In God’s Presence Cover

In God’s Presence

Chaplains, Missionaries, and Religious Space during the Civil War

Benjamin L. Miller

University Press of Kansas, Lawrence, Kansas, 2019, 264 pages

Book Review published on: June 25, 2021

In God’s Presence: Chaplains, Missionaries, and Religious Space during the Civil War is a well-written and thought-provoking book about the lives of men and women who fought and served in the Civil War. Benjamin L. Miller takes an in-depth look at the spiritual lives of soldiers and clergy who served in places such as battlefields, military camps, and hospitals. The author elucidates the emotional, mental, and spiritual conditions of the fighting men on both sides of the conflict as well as the dispositions of the chaplains, missionaries, and the gatekeepers they had to contend with to allow for religious space.

Miller focuses on men of the cloth, Christian soldiers, and the construct of sacred space in the camps to allow for worship practices. He ends the book with the different practices of the clergy to care for the sick, dying, and wounded in hospitals and prisons. The driving question for his study was how people developed any sort of religious life in a wartime setting. He then sought to discover the clergy’s role in responding to wartime challenges. Which aspects of religiosity did the clergy abandon or develop that allowed soldiers to respond positively to the work chaplains and Christian organizations performed on their behalf?

The religious theoretical framework Miller uses to develop his study focuses on a term referred to as religious space. He defines it “as the place one confers with the divine, a physical site that offers spiritual guidance and fulfillment.” Besides the sacred aspect, we can look at this space as both “profane” and “contested.” Profane is where the chaplains have not had a positive influence and vices abound such as gambling, profanity, and drunkenness. The contested religious space is where a blurring occurs such as offering pre-battle religious services before soldiers would fight, kill, and die believing their side to be the just side. This religious space study allows scholars a better understanding of the Civil War era.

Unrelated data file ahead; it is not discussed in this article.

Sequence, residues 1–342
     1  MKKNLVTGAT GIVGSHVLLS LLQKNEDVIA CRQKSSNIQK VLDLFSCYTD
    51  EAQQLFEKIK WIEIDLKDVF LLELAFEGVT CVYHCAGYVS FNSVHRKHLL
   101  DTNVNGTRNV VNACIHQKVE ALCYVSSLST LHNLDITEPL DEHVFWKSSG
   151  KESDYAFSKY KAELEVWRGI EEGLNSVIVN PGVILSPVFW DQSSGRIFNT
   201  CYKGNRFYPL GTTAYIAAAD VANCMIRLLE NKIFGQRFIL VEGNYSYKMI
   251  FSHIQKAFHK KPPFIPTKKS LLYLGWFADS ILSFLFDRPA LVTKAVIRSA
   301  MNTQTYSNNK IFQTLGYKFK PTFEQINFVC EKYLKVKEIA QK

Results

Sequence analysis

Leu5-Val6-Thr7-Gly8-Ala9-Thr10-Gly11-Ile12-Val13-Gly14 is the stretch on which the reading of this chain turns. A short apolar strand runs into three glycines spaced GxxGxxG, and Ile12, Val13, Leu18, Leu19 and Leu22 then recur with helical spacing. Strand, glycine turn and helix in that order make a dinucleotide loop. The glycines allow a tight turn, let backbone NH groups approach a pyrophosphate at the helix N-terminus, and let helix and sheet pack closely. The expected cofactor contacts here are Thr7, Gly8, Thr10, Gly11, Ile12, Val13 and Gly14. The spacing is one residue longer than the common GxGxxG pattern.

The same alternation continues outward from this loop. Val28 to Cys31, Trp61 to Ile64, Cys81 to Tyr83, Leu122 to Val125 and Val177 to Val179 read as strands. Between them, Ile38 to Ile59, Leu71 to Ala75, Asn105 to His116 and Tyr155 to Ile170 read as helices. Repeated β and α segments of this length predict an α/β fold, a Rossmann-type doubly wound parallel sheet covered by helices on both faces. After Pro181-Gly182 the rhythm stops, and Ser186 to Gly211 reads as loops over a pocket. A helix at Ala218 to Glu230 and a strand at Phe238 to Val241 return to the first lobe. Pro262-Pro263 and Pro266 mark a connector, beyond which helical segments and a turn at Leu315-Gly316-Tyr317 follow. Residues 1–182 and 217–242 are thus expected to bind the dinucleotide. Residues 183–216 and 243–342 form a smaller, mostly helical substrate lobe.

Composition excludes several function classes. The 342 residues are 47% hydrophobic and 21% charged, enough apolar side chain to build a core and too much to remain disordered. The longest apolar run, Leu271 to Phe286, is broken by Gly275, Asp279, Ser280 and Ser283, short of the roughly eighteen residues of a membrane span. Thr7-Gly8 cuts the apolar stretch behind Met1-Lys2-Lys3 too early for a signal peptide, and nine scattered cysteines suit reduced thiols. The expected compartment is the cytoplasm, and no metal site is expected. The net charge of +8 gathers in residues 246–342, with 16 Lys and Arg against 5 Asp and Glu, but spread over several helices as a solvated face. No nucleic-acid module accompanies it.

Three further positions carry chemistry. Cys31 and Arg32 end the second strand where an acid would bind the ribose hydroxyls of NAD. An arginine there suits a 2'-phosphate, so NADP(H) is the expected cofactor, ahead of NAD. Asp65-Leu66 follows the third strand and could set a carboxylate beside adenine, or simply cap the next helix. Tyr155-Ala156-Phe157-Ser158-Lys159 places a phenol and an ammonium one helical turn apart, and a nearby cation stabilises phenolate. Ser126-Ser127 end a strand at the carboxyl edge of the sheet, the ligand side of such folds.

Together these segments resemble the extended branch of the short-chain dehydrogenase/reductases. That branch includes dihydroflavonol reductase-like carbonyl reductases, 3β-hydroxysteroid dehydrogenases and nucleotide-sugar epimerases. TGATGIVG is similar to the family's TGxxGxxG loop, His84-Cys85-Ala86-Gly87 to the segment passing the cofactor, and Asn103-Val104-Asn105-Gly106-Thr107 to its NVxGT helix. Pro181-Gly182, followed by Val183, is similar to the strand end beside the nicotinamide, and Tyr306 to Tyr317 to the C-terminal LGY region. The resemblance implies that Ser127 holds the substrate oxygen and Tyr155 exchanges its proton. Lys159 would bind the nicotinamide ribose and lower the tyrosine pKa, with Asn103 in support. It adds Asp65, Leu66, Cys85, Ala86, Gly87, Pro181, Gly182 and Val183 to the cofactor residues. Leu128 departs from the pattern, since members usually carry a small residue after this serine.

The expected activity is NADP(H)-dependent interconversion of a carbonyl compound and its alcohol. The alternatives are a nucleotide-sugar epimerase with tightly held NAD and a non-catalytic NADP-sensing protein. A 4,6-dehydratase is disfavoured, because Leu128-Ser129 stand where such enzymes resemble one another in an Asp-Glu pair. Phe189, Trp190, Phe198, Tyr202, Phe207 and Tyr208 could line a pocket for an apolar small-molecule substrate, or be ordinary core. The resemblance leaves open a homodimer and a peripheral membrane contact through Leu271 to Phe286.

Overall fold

Miller does a great job of investigating the prewar backgrounds of the different characters he focuses on. From this investigation, one can see the type of worldview that clergy brought to the war. The wartime challenges forced the clergy to adapt their prewar beliefs and practices to new circumstances. Because of this adaptation, new clerical organizations and institutional structures like the chaplaincy corps and missionary organizations were developed. The clergy also adapted to their new surroundings by using information operations objectives through the use of religious tracts to convey a central message of sin, judgment, and salvation. Because most believed in an afterlife, the soldiers were more apt to listen as they lay dying in hospitals.

This book did a great job of analyzing the religious experiences of soldiers and clergy during the American Civil War. It showed the diversity of religious experience before the war and how wartime religiosity fostered changes in religious practices after the war. One frustrating omission is that Miller does not define what he means by “Evangelical Christianity.” He mentions it many times without really going into detail of its meaning and origin.

I highly recommend this book to all persons of religious faith, from atheists to Zoroastrianists, because whatever one’s faith, one is challenged to think about what one believes and why one believes it to be true. I also recommend it for all who have to think critically and creatively because there are many instances where the clergy were not allowed to visit the sick and dying but had to come up with ingenious ways to influence the gatekeepers specifically at hospitals and prisons in order to visit their spiritual patients.

Book Review written by: Lt. Col. Stephen S. Harvey, U.S. Army, Retired, Fort Leavenworth, Kansas